The political culture of self-denial is still rife in the country. Many Malaysians believe that the prevailing racist political framework is what keeping us from breaking apart. Hence, in the recent Johor UMNO divisional meeting the Johor Chief Minister Abdul Ghani spoke up against a very important tenet of national unity - the creation of a truly fair and equitable 'Bangsa Malaysia' or the Malaysian race.
According to him, the concept of 'Bangsa Malaysia' is a threat to the Malay race superiority. Any nation building concept must take the Malay community as its key pillar - his idea of the Malays as a 'pivotal race'.
In the 21s century, superiority = know-how + capability + knowledge + respect. Sadly, these elements cannot be legislated. You either work hard to acquire knowledge or find yourself being left behind.
In the recent report by the Citigroup on Malaysia's economic competitiveness, here's the summary:
- Malaysia today is a pale shadow of itself compared to ten years ago. Whether measured in terms of FDI draw, stock market capitalization or trading volumes, Malaysia is slipping down the ladder. The latest UNCTAD FDI rankings put Malaysia at 62nd place. Stock market capitalization is now the sixth largest in Asia ex-Japan, down from second in 1996. Trading values are now one-third of Singapore and half of Thailand. Private investment has fallen to 12% of GDP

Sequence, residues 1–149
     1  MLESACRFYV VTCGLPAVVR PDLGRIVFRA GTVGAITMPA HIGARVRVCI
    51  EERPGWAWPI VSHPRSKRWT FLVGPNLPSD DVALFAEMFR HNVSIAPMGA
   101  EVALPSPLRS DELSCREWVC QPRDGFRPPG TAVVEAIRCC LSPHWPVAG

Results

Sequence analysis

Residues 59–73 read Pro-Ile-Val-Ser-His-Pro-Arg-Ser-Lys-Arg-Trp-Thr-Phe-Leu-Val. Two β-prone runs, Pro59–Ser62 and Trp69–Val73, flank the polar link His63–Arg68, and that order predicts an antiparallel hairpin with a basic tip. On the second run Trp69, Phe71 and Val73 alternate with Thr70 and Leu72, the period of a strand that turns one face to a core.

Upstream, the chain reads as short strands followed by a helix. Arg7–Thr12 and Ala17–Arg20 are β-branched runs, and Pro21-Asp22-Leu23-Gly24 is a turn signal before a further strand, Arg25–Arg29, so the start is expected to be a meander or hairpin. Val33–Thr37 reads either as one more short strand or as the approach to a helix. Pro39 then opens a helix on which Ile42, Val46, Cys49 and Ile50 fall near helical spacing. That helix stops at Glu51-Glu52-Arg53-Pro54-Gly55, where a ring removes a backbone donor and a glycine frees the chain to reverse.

- It is not that Malaysia is moving backward, but simply that it is not moving forward quickly enough. The forces of globalization are being resisted. The preservation of the status quo and incumbency looks far easier to manage than the uncertainties and competition unleashed from opening up
- We think there is scope to arrest the slide by removing the last remnants of the capital controls; internationalizing the ringgit once again; fine-tuning the NEP policy to minimize market distortions and introducing shelf-lives; and allowing greater foreign investment in the service sectors. Complacency will risk further marginalization
- Accepting the NEP objectives, the debate should shift to how best to achieve the 30% bumi equity target with minimal market distortions. Direct subsidies and preferential treatment in social services, such as education and healthcare, are preferable to NEP requirements that
distort the property, labor and stock markets. Price discounts are preferred over fixed quotas in terms of minimizing deadweight losses. Even a race-based income tax system could be a more
The precent policy is impoverishing Malaysians not just materially but also intellectually. In the age of globalisation and capitalism, you have to earn your keep. The is no free lunch. We have to shape up or get kick out!
SAY NO TO RACISM!